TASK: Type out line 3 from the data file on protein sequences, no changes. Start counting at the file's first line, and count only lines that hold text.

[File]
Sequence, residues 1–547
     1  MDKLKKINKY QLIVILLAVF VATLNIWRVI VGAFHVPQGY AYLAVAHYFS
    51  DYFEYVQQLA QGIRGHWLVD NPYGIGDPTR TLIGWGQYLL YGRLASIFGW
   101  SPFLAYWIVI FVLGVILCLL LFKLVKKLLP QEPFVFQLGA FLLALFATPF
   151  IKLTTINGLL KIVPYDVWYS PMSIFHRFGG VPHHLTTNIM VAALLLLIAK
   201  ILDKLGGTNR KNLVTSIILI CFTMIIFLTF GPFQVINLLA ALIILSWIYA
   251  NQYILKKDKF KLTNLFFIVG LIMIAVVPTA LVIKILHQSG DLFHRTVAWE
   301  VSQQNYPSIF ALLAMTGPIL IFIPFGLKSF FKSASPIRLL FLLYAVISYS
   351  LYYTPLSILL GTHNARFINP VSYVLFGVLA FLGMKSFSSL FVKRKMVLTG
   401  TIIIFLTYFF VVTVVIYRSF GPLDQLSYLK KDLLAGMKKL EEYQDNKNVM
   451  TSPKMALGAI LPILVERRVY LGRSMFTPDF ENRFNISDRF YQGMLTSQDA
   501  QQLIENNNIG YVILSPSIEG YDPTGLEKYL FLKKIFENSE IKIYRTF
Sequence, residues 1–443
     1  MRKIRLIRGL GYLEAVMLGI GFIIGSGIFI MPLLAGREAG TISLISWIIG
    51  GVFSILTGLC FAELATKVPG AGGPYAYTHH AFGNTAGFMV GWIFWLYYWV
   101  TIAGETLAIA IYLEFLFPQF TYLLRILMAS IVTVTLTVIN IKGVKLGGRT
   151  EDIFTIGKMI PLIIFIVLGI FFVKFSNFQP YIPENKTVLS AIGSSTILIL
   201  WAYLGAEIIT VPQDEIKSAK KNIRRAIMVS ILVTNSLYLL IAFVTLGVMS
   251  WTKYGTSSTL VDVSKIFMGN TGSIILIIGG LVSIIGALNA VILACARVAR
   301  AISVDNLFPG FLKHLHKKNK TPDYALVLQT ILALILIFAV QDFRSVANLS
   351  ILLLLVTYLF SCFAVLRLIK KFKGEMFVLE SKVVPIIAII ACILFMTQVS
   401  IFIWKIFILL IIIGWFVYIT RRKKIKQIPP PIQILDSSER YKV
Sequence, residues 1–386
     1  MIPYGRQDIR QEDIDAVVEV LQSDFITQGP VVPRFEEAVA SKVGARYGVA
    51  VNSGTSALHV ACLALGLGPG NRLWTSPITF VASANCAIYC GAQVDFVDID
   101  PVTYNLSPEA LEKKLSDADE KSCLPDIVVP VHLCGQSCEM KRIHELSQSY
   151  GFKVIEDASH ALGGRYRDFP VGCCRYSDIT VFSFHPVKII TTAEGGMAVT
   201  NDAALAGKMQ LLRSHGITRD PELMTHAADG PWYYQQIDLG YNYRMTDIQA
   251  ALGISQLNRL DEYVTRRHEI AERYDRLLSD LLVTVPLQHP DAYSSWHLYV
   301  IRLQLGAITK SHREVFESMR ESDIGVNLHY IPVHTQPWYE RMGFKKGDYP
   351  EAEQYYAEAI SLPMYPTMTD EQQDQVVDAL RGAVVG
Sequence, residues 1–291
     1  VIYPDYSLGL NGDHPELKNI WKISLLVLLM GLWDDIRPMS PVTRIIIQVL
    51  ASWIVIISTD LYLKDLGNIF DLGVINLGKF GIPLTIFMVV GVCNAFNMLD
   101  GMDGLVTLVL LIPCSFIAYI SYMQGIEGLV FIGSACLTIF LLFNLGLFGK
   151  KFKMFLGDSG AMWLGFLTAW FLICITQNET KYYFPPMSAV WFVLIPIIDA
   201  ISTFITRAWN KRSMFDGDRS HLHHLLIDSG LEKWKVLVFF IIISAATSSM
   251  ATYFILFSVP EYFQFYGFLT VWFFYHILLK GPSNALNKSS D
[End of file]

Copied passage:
    51  DYFEYVQQLA QGIRGHWLVD NPYGIGDPTR TLIGWGQYLL YGRLASIFGW